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Storyboarding Makes Perfect: Part 1

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We’re a full service marketing and advertising agency, so lately here at Ridge we've been doing some exciting website video production for a variety of clients in B2B and consumer. Though most are less than 90 seconds long, there’s many hours of behind-the-scenes work that goes into each one.

Storyboarding is one of the most important parts of the process. It is a graphic representation of how your video will unfold, shot by shot. It sets the tone and pace for the entire project.

Here’s a peek into the work we did to bring a recent video to life.

Wertheim Global Solutions: Guardian for eDocs and Content Server Video

As always, our writers drafted a complete script before we moved into the storyboarding stage. Working directly in Photoshop, we began laying out the key scenes of the video and thinking about the transitions between each. This allowed us to see that for the timing of the scene changes to make sense, the script would have to be adjusted in places. Realizations like this are why storyboarding is important; visualizing the flow of the video second by second allows potential issues to be caught early, rather than at the live shoot.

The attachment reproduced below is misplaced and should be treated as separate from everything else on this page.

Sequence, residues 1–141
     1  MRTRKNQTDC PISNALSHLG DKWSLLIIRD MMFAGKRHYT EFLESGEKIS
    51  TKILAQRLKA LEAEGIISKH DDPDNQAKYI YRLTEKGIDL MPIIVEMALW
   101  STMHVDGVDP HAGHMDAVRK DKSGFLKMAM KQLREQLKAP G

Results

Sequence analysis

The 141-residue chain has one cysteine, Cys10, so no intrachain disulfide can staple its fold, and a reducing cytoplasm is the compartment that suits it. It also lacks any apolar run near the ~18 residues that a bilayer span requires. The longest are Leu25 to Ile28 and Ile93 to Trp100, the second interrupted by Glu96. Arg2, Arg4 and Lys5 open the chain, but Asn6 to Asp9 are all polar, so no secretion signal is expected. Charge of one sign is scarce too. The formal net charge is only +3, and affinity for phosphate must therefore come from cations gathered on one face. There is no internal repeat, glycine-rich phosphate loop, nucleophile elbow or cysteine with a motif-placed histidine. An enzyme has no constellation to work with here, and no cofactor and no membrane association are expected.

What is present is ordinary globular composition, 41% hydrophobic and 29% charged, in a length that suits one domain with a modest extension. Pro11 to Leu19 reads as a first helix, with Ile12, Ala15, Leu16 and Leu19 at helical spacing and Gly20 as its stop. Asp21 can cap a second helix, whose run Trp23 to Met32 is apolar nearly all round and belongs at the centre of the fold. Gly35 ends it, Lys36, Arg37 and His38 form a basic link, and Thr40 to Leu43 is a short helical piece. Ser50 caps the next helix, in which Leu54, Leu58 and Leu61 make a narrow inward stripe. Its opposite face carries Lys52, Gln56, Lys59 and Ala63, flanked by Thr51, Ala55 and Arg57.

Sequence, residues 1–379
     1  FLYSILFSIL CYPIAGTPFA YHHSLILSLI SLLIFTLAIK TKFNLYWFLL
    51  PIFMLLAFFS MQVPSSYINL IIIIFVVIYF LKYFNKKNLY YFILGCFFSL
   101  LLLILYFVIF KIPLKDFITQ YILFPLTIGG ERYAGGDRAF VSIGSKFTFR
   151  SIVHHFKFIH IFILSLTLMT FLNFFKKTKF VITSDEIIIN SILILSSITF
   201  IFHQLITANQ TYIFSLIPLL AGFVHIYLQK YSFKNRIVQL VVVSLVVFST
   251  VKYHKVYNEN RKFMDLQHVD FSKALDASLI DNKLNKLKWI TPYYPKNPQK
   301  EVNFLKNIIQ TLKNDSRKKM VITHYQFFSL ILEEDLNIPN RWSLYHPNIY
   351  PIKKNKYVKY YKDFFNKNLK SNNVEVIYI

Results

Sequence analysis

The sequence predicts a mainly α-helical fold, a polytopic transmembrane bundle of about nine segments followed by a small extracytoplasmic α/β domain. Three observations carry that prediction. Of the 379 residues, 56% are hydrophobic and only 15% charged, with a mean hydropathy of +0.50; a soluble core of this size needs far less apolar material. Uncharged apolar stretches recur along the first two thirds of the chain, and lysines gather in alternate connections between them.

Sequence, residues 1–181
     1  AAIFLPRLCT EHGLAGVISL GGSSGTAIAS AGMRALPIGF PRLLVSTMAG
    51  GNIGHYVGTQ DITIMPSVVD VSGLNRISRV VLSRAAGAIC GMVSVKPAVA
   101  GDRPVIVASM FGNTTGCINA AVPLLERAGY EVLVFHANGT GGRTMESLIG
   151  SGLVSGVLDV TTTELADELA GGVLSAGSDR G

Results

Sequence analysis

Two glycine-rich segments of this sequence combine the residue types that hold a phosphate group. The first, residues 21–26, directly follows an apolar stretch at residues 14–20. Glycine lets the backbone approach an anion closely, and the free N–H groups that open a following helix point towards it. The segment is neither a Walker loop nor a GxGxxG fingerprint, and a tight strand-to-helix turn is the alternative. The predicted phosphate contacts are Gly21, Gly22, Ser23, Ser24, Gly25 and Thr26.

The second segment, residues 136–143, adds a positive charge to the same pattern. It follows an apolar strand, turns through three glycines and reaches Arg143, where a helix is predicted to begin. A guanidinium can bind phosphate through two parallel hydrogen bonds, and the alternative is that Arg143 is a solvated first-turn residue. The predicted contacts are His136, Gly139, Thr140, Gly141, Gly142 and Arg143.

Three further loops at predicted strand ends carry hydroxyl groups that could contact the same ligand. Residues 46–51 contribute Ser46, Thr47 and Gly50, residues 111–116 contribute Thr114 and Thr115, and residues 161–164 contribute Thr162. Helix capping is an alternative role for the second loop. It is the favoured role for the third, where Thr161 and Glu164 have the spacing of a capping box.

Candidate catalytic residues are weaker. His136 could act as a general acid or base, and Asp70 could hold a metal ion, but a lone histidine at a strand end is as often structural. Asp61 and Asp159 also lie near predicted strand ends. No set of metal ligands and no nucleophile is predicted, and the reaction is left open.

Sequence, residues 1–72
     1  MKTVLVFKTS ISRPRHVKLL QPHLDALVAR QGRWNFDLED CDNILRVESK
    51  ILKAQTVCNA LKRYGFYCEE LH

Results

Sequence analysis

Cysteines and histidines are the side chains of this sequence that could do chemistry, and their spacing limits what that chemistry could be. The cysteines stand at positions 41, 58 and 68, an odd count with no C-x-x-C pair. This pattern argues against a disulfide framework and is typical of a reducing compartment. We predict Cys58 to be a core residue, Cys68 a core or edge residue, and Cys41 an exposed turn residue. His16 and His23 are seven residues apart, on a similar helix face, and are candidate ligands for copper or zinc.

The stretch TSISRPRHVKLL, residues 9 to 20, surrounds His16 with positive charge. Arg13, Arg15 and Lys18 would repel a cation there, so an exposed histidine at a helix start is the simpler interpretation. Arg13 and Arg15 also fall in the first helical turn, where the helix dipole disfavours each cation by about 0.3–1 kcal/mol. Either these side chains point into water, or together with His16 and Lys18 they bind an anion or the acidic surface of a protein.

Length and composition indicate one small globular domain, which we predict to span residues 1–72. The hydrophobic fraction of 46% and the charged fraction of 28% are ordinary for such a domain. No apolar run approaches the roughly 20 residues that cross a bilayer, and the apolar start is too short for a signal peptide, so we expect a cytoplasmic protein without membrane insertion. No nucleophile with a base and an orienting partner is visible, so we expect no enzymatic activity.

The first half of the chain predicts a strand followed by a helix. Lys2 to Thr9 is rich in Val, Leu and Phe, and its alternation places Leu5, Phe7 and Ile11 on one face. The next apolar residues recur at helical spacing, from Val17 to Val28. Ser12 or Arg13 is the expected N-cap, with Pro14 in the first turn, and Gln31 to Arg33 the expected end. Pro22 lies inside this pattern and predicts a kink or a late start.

As the first draft of the storyboard was approved, location scouting was also being wrapped up. In most cases, having the location picked out before starting the storyboard is ideal, since the limitations of the physical set can influence the decisions made in storyboarding. In this case though, the timing worked out perfectly.

During the visit to the location, our director referenced the storyboard to take pictures of the set from the angles that would be used during shooting. Back in the studio, we used those pictures to further refine the pacing of the video by placing the sketched actors in the real environment that they would be filmed in.

At this point, the script and storyboard were approved and it was time to film. The work spent refining the storyboard paid off: the actors used it as a reference for positioning and timing during the shoot, and the director and crew used it to keep true to the original vision of the client. This allowed the shoot to go smoothly, making for an awesome final product.

Check out the final video below, and see if you can spot the locations and scenes we planned on paper before we shot a single frame.

Stay tuned. We’ll be sharing our storyboarding process with a B2C client of ours in an upcoming blog post.

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